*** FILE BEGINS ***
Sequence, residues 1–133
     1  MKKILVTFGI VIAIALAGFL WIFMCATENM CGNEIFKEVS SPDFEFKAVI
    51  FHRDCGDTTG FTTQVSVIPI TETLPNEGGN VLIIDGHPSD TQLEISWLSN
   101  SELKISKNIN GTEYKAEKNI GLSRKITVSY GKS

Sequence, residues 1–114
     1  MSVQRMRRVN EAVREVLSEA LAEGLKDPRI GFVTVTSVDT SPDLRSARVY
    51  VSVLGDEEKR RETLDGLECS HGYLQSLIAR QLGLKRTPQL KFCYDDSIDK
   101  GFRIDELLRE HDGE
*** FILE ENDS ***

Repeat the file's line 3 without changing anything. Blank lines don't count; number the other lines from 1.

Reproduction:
    51  FHRDCGDTTG FTTQVSVIPI TETLPNEGGN VLIIDGHPSD TQLEISWLSN